FOR THE ENVIRONMENT
JAMM AQUINO / JAQUINO@STARBULLETIN.COM
Keoki Brewing Co. in Lihue gives its spent grain husks to local farmers for animal feed after the sugars are extracted.
Brewing with a conscience
Island breweries go green
A sweet cereal smell spills from the large doors of Keoki Brewing Co. as cracked malt husks swirl around a large round tank.
These grains bring aroma and color to the beer, and brewers seek them out in chocolates or ambers from Germany and Canada.
But beer drinkers aren't the only ones who enjoy their flavor.
So do cows.
Lihue's Keoki, which uses 15,000 to 20,000 pounds of malt a month, gives spent grain husks to local farmers after sugars are extracted for brewing.
"This will still maintain about 2 to 3 percent sugar when it's done, so animals love it," said owner Keith Kinsey.
In April, Kinsey installed an energy-saving water heating and cooling exchange system that allows the brewery to function without air conditioners. He estimates the system will pay for itself in two years.
Keoki is one of several isle breweries implementing new sustainable business practices.
CINDY RUSSELL /
Kona Brewing Co. hired a sustainability coordinator to research and implement a recycling program for its isle brewing operations.
This summer at Maui Brewing Co. in Lahaina, owner Garrett Marrero is adding an 80-kilowatt photovoltaic system that will supply 80 percent of the energy used at his Kahana Gateway Center brewpub and a 57-kilowatt system to cover all the energy consumed at his expanding production facility, where he also cans his beer.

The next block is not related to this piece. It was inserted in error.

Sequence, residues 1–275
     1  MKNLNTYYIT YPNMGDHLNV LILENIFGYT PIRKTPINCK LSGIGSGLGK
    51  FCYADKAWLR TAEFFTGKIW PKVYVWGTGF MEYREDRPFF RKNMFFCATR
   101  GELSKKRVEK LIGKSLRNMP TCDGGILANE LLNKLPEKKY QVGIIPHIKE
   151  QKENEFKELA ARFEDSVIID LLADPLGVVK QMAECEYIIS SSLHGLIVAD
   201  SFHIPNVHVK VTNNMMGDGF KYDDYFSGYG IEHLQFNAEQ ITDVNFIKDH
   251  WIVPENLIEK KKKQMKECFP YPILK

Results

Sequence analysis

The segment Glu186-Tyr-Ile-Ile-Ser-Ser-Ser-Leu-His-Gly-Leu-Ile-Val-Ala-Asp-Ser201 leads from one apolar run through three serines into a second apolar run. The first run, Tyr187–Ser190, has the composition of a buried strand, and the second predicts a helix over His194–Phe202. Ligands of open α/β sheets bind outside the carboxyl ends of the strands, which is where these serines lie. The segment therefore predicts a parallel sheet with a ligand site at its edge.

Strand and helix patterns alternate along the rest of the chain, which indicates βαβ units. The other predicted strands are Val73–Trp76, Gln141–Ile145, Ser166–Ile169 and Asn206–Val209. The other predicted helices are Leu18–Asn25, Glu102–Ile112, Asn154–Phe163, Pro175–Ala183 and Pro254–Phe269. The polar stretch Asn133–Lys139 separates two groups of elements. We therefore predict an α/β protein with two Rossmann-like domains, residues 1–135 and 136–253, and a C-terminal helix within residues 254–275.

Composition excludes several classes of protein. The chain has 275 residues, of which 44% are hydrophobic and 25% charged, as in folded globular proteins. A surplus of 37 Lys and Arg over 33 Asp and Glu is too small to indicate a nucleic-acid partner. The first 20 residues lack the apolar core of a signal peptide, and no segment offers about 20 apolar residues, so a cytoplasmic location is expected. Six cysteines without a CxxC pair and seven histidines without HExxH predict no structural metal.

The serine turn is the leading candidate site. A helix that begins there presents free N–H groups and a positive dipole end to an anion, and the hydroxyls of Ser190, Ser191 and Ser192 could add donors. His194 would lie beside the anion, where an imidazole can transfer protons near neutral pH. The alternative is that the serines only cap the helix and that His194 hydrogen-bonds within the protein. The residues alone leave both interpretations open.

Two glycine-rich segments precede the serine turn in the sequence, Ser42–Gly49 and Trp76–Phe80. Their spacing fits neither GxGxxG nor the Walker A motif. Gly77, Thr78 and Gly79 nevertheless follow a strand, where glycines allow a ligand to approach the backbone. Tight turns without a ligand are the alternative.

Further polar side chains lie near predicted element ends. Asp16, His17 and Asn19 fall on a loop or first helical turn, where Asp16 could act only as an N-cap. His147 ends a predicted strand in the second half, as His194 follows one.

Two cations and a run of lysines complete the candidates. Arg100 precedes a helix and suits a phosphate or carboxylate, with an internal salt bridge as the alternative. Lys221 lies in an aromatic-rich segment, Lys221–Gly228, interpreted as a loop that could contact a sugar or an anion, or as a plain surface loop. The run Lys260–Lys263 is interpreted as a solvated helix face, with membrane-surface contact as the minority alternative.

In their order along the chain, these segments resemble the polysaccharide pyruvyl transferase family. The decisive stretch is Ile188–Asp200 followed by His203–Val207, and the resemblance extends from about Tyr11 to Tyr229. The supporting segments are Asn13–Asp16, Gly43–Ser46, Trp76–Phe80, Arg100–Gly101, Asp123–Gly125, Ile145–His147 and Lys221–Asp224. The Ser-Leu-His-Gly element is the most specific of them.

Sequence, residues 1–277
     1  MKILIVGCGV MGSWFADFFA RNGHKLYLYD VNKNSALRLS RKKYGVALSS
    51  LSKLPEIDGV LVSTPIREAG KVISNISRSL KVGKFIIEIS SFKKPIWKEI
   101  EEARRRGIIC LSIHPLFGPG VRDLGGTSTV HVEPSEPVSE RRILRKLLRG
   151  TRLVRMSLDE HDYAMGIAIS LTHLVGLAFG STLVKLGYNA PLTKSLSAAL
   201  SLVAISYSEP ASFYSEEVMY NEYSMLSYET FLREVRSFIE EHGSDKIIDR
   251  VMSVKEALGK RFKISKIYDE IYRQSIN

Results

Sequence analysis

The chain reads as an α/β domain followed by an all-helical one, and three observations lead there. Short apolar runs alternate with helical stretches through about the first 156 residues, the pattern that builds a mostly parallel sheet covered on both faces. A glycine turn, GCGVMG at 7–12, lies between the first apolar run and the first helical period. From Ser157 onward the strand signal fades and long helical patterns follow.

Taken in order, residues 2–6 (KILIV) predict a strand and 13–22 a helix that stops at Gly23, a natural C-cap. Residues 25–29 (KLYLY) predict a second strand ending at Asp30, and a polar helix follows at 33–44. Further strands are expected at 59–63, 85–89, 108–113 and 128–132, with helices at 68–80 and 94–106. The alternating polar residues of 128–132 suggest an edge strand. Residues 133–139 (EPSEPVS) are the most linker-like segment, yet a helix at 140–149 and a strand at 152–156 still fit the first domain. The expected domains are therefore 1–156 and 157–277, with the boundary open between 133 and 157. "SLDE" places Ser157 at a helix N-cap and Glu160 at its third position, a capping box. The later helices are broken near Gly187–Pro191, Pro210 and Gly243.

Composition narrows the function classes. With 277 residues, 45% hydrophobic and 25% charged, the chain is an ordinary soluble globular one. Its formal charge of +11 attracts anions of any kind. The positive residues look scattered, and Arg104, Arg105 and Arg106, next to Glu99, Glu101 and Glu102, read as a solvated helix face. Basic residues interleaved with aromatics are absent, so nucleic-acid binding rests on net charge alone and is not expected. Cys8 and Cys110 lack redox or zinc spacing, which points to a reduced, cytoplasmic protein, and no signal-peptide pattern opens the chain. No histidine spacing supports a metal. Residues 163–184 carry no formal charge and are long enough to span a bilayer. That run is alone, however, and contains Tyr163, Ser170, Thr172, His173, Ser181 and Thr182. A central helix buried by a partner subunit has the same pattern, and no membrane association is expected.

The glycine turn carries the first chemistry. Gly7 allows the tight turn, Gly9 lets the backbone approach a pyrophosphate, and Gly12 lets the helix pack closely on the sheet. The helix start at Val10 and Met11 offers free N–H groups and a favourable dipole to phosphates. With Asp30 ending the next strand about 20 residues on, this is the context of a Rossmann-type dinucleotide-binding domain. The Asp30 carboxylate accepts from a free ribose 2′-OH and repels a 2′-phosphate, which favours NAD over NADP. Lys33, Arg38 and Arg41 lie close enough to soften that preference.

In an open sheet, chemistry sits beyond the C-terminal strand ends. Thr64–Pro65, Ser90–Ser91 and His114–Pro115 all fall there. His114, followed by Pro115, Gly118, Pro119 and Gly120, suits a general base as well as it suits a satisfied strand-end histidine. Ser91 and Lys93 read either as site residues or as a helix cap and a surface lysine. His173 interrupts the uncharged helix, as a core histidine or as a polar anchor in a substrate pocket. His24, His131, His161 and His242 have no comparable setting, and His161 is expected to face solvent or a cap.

"All the beer will be brewed with the Maui sun," said Marrero, who also will install natural lighting, ceiling fans and compact fluorescent lighting during a renovation of his brewpub next month.
Marrero packages his beers in locally made cans instead of bottles and uses recycled cardboard holders instead of plastic rings.
"It's not only better for the beer, but it's also a more eco-friendly package for our environment where you can now take a good beer to the beach," he said.
Isle brewing giant Kona Brewing Co. hired a sustainability coordinator earlier this year to research and implement a recycling program for the Big Island brewery. The brewery already has cut its trash output by half, said Mattson Davis, president and chief executive.
A decade ago, Kona shifted its bottling operations to the mainland amid concerns that it was not environmentally or economically sustainable to operate a packaging facility here.
"It does not make a sustainable positive carbon footprint," Davis said. "The other models aren't sustainable if you want to grow your brand. Hawaii is not a manufacturing state."